The humor gap
    We live in a golden age for political humor. Every night, more Americans tune in to watch Stewart and Colbert than Leno. The Onion is doing well enough to pilot a TV show. Saturday Night Live finally has someone with a decent Obama impression. There is only one thing missing: funny Republicans.

    This phenomenon is recent. President Reagan, whatever you think of him, knew how to deliver a punchline. Even Bob Dole, by all accounts not the most exciting man, could relax and crack a joke or two. But for the last decade or so, Democrats have maintained a stranglehold on comedy. Republicans got so painfully dry in the last election that they merited investigation by Psychology Today. This humor gap is not just painful for people listening to Republican speeches – it leaves all of us a little worse off.

    Professor Robert Hariman, Chair of the Communication Studies Department here on campus, contends that political humor is not merely funny. In an article published in the Quarterly Journal of Speech back in 2008, Hariman advanced the theory that political humor is essential for maintaining a healthy public democracy. “Even if we had nothing but good quality serious discourse,” says Hariman, “we would be worse off than if we had bad discourse and people making fun of it.”

    The key is that political humor is more than just a way to release some of the stress that accumulates when debating policies of great national importance. Humor allows us to be blunt, instead of having to speak in the coded language that dominates politics. President Obama, for instance, could never really respond to birther allegations without looking petty or frivolous. At the White House Correspondents’ Association Dinner, though, he is allowed to make jokes about it in a way that responds effectively to criticism.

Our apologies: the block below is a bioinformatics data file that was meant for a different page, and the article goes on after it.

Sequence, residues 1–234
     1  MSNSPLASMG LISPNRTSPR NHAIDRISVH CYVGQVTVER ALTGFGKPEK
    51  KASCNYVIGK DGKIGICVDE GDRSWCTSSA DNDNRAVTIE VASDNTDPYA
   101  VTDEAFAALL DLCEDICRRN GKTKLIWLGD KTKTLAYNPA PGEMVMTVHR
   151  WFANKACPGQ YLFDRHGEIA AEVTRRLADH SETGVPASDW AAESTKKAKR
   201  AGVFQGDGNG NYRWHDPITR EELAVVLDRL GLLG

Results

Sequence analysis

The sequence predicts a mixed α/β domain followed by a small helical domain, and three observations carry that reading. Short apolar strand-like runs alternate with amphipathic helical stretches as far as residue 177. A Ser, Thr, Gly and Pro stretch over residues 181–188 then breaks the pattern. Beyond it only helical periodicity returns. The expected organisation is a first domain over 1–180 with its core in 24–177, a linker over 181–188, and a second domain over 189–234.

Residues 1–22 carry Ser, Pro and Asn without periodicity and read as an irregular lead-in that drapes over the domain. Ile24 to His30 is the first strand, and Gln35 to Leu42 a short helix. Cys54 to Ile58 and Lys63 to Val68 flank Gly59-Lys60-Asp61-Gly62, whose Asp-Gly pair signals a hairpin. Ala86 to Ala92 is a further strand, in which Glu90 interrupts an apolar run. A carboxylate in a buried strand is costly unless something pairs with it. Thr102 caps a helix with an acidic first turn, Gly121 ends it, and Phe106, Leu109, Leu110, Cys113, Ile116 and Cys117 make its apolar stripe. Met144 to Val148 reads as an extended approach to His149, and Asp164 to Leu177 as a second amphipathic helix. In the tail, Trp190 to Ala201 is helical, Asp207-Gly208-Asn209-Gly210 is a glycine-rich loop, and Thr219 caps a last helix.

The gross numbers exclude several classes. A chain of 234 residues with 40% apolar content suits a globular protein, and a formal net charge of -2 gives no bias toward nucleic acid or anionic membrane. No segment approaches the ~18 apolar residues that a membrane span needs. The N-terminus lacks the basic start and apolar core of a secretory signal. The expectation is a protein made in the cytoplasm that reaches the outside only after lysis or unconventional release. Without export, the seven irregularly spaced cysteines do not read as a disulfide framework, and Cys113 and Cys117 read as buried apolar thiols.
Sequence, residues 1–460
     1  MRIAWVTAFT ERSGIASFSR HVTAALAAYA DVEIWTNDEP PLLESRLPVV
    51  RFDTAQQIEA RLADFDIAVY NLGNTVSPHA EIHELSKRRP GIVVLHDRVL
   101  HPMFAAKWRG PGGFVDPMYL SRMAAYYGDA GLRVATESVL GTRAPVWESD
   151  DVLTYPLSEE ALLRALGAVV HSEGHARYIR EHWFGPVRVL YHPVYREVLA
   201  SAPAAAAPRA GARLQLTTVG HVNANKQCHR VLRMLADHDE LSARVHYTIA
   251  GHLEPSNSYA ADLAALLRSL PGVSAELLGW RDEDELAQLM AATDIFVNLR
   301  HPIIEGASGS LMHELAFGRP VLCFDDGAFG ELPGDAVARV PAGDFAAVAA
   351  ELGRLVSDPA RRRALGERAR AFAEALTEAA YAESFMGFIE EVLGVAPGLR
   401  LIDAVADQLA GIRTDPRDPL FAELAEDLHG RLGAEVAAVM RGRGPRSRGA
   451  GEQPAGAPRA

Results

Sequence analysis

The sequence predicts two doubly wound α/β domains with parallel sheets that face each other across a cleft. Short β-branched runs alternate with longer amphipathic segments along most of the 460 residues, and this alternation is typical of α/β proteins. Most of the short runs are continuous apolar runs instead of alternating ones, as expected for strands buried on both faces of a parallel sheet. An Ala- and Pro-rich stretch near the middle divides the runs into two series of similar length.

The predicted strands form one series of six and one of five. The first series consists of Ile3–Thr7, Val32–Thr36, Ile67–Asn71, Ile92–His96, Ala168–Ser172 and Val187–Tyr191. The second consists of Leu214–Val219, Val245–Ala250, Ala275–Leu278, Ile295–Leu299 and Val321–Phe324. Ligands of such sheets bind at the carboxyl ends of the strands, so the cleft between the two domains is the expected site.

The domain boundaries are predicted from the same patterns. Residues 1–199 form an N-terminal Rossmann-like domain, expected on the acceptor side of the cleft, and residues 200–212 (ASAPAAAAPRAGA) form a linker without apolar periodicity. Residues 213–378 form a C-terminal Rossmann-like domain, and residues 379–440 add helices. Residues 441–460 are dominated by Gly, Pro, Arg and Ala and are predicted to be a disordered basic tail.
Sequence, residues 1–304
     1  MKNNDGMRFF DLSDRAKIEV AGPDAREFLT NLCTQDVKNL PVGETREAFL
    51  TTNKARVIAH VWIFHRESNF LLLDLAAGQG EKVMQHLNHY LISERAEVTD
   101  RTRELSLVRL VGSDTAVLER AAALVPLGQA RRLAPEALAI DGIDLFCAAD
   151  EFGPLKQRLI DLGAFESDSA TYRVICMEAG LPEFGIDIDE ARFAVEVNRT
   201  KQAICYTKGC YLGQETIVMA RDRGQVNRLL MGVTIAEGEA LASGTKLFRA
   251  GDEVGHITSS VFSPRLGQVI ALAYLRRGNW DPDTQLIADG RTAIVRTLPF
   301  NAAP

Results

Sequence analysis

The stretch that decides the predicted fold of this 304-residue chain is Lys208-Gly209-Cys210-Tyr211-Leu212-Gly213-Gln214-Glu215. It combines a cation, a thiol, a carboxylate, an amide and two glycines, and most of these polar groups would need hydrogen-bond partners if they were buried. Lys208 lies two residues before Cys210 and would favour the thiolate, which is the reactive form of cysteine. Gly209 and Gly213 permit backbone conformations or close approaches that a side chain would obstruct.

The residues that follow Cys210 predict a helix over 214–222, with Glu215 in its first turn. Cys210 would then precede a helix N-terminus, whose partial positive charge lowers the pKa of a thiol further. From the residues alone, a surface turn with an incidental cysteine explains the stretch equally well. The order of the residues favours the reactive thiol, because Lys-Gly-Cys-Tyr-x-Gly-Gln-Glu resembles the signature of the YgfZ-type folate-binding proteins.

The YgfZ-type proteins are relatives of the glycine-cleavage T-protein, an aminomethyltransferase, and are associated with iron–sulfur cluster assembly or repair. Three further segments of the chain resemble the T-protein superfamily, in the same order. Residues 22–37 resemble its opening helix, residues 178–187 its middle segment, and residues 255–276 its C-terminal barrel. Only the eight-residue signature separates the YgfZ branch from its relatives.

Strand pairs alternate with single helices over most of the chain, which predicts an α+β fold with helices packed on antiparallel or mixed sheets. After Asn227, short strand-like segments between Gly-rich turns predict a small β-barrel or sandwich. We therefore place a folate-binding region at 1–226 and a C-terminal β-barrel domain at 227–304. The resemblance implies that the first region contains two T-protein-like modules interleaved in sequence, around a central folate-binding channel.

It is the same sort of thing Jon Stewart and Stephen Colbert do every night. It can be difficult to have a real and serious conversation with opponents who are either ridiculous or being purposefully obtuse. There is no point in trying to engage, for instance, Rush Limbaugh in a real conversation. He is much more interested in ranting and getting attention for his “brand” than he is in having an actual discussion on the issues of the day. Hariman puts it like this: “If someone is being flagrantly, willfully, viciously stupid, it is hard to argue with that and talk them out of that. Humor becomes almost the only way you can counteract that kind of discourse.”

    The question, then, is why conservatives seem to have lost their collective funny bone. If humor is so critical to political discourse, then it makes no sense that conservatives seem to be making little effort to employ humor to their advantage.

    Hariman, though, notes that Republicans do not necessarily crack less jokes than their left-wing counterparts. They make different kinds of jokes. You have more than likely seen some reactionary humor on Twitter. Unlike liberals, who frequently use humor to engage their audience and build a bigger tent, conservative humor plays a different rhetorical role. “Right-wing humor is mean. It’s vicious,” says Hariman. “It’s the same lesson we all learn in middle school: humor can be used as an instrument of domination. That's how the right often uses it.”